TEACHING HITTING TO ANY AGE PLAYER

Coach Andy Hallett:

Over the years I have heard all the lingo, the latest buzz, the newest and greatest thing when it comes to teaching how to get a hitter to hit the ball hard and stay consistently on the barrel.  MLB network, as well as many websites/blogs and self-proclaimed hitting coaches love to talk about: launch angle, exit velocities and any other “new and hot” ways to teach hitting.  I’ll be the first to tell you that is great; if it works for you.

I have been a Ted Williams disciple since I started coaching and believe every hitter needs to have a slight upper cut swing in order to “get on plane” with the baseball.  My coaches and I teach our hitters to strive to be a line drive / ground ball machine.  The margin for error as a hitter is so small that the difference between a line drive and ground ball is 1/4 of an inch at contact.

I have a saying “strike zone knowledge is the # 1 overriding factor to be a good hitter”.  If you do not have plate discipline, you will never be a good hitter.  “It’s hard to put a good swing on a bad pitch” is what I tell all my hitters.

I want to take you all into the “coaching hitters” mode and share with you what we teach at AC Flora and what I teach in all my private lessons from ages 10 and up.  We all know that language is everything, so I am going to use pictures to help explain “my language.”  Videos would be better, but that would make this post even longer.

Before getting started, I want to make a point to say that my way is not the only way.  I just want to share what I have been teaching since I took the head baseball job at AC Flora in 1998.  You should understand that I am a linear coach and preach linear movements in hitting and pitching on a daily basis.  I equate throwing and hitting to “throwing a punch”.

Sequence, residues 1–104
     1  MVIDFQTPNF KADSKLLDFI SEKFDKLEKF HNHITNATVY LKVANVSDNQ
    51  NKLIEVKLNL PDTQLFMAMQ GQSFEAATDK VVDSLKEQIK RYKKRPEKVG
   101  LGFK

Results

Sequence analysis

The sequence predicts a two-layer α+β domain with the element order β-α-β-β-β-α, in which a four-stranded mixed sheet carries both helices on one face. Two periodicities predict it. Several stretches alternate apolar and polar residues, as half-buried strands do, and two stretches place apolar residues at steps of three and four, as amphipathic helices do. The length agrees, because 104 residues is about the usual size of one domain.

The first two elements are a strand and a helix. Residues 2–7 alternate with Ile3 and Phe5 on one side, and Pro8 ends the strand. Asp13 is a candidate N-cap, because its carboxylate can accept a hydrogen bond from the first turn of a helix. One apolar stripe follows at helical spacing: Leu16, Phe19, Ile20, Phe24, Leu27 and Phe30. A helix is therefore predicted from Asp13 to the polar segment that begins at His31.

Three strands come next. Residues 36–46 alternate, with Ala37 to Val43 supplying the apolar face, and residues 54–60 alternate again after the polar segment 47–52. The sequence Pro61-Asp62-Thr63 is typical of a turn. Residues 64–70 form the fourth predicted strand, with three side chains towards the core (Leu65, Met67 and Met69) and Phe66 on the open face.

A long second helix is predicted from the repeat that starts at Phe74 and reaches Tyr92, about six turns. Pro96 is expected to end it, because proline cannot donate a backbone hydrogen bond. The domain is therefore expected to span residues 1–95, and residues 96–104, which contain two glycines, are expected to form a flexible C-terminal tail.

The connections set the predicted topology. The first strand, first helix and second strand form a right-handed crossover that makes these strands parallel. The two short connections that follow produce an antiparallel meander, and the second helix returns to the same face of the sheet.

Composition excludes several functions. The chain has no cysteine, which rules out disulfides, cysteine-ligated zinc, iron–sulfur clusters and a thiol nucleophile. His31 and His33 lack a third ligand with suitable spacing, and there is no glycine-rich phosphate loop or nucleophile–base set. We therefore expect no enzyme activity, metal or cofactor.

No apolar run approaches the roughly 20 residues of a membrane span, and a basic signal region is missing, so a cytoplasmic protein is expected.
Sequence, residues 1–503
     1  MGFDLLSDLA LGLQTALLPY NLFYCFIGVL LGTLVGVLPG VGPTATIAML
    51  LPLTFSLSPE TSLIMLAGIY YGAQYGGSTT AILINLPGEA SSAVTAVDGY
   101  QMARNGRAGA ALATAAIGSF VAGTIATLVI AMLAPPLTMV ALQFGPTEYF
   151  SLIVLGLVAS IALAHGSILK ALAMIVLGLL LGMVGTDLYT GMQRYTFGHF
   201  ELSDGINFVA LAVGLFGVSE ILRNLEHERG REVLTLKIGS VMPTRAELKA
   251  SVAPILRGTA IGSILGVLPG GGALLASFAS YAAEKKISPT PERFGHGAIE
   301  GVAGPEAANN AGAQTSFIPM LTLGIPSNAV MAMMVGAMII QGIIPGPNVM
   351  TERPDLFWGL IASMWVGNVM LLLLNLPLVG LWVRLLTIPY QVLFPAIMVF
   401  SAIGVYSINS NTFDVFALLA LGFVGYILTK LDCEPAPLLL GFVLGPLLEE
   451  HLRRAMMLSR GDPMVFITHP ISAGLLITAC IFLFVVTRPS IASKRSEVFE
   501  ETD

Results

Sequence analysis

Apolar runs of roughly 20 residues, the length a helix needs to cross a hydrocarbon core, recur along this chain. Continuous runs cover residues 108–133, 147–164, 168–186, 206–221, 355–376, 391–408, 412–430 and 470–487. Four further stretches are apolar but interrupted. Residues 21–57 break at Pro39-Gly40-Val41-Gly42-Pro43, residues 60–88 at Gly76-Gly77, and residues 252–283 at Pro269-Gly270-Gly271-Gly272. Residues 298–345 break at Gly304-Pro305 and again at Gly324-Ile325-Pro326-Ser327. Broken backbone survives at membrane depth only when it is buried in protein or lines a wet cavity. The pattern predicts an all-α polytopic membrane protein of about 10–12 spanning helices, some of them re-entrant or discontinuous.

SO HERE WE GO…

A: Athletically Tall Stance. 
Hitter should be able to stand in box.  The legs and or back should never get tight or tired.  Feet should be just wider than shoulders.  Hands should be in the “arm pit area”. Back foot slightly pigeon toed and front elbow pointing down towards home plate.  Front shoulder should be connected to the pitcher and back elbow should be anywhere below the shoulder joint.  In this photo, the hitter has his knees “pinched” towards each other to create slight tension in his I.T. bands and to activate his glutes and hamstrings.

B: Load the body / trigger the hands.
The hitter should gather over his back leg, front hip & shoulder stays connected to the pitcher, hands start to glide back (start of throwing a punch).  Weight should never get outside of the hitters frame and bottom hand arm should not straighten out. Barrel starts to get to top of his head. Back elbow raises naturally and front leg creates “k-bar” to start linear move. I want this move on the top half (trigger) to be natural and feel free.

C: Create separation inside your swing.
All hitters need tension to create power.  This is the start of our linear movement where I emphasize staying connected with the ball with the front hip.   Separation is essential as the hitter gets to his launch position.  Front foot reaches with K-bar and hands go back maintaining “box and a stick” with arms and bat. Hands should be just behind back foot.  The front shoulder rolls under the chin as two eyes stay on the pitcher (ball).  The Nike Swoosh is soon to follow as we start to attack the ball.  This is the start of our Nike Swoosh swing path.

D: Attack